division of labour does for the community. c. Much time is wasted in thinking what we are to do next; much

by not taking our duties in a proper succession, (illustration) as if a letter-carrier were to take out his letters in a general

heap, and deliver them just as the addresses turned up. d. Shew how organisation is applicable to various occupations and

pursuits; to daily business; to the weekly round of duties; to amusements ; to travelling; to the associations of men for all purposes, as churches, railways, &c.; to religious

duties; to beneficence; to teaching; to literature; to art. e. The greater comfort and happiness arising from doing work

methodically, thoroughly, and well. 3. On Foreign Travel.

OUTLINE. a. Solitude often produces selfishness. Men's sympathies expand

the more, the more they mix with their fellows. The men of a narrow circle, coterie, or small party, are narrowest and

most bigoted in their views. b. Men who know no country but their own are apt to be filled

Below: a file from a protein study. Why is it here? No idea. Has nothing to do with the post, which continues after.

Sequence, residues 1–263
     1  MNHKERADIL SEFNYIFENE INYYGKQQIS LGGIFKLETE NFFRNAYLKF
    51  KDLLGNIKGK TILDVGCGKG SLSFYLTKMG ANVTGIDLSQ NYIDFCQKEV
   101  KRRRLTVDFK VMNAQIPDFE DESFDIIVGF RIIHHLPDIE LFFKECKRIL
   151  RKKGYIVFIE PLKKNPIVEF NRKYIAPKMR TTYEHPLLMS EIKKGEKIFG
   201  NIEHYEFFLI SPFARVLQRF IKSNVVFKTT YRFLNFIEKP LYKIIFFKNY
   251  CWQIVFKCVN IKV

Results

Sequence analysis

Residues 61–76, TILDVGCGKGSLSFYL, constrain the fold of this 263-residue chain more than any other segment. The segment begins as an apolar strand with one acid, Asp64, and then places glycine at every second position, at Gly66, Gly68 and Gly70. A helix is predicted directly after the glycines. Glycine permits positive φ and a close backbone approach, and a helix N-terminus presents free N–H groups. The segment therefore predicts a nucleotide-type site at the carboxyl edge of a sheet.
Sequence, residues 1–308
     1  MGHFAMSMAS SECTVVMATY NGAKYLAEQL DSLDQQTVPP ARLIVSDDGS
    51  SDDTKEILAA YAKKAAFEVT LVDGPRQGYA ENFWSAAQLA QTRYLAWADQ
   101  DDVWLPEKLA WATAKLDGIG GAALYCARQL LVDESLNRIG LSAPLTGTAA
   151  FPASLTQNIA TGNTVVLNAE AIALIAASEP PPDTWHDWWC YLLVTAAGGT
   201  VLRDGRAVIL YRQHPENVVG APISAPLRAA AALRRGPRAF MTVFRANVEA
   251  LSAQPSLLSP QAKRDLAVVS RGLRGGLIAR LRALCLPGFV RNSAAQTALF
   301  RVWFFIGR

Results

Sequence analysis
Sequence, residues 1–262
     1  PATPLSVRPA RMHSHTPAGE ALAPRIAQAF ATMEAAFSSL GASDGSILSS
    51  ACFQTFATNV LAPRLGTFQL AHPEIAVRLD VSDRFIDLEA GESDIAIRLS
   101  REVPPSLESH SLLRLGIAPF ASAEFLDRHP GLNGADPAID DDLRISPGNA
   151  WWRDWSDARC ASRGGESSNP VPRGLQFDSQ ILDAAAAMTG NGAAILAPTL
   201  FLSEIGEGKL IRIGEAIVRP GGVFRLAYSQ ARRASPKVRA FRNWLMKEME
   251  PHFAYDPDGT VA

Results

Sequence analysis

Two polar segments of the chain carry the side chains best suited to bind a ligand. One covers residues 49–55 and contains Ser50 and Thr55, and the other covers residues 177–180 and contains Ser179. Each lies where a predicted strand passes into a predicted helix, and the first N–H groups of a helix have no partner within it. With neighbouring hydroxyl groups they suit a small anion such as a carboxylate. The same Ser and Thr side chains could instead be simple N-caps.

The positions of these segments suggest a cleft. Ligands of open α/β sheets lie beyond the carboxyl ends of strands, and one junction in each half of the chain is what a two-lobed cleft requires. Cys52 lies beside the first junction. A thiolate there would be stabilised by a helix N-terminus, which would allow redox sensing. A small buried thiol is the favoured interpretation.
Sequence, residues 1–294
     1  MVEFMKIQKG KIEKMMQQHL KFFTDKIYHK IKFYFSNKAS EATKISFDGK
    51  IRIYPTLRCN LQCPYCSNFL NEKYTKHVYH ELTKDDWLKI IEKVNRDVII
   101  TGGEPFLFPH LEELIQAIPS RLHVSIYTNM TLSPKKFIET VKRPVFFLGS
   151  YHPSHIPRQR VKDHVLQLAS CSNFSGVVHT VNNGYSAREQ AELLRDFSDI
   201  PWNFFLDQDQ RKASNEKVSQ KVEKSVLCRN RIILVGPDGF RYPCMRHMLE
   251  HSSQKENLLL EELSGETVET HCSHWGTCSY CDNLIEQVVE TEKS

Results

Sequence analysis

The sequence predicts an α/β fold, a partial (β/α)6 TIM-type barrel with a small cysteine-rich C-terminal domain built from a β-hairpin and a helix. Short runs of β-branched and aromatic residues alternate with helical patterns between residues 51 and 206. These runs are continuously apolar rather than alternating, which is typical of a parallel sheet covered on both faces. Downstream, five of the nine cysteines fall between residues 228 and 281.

with national prejudices, to underrate other countries. Travel removes these prejudices, expands the intellect, increases our knowledge of men and things, shews us nature and art under different circumstances, makes us less vain and more chari.

table. 4. On Memoir Writing.

OUTLINE, a. Much pleasure may be given, and much good done, by narrating

the lives of great men; by shewing us genius struggling with poverty or adversity; principle, with villany; perseverance, with difficulties.

6. The danger of carrying memoir writing too far. Friendship

exaggerates virtues and extenuates faults. Truth must be the great end of the biographer. His labours can only be justified by the value of the lessons of the life he writes, not by the admiration or vanity of friends. Memoirs too numerous and

too partial. 6. Injustice to the dead; the sacred privacy of inner thoughts, and

the no less sacred confidence of private correspondence often violated to satisfy the inquisitiveness of friends or of the public. Other men often compromised by too partial judgments on

the one side, and inadequate statement on the other. d. Danger of men living artificially, and writing diaries and letters

with a view to posthumous book-making. e. A true and faithful memoir a great rarity; but, like gold, a pre

cious gift when it is found. 6. The Power of Mystery.

OUTLINE. a. The intense interest we feel in the unknown and inexplicable.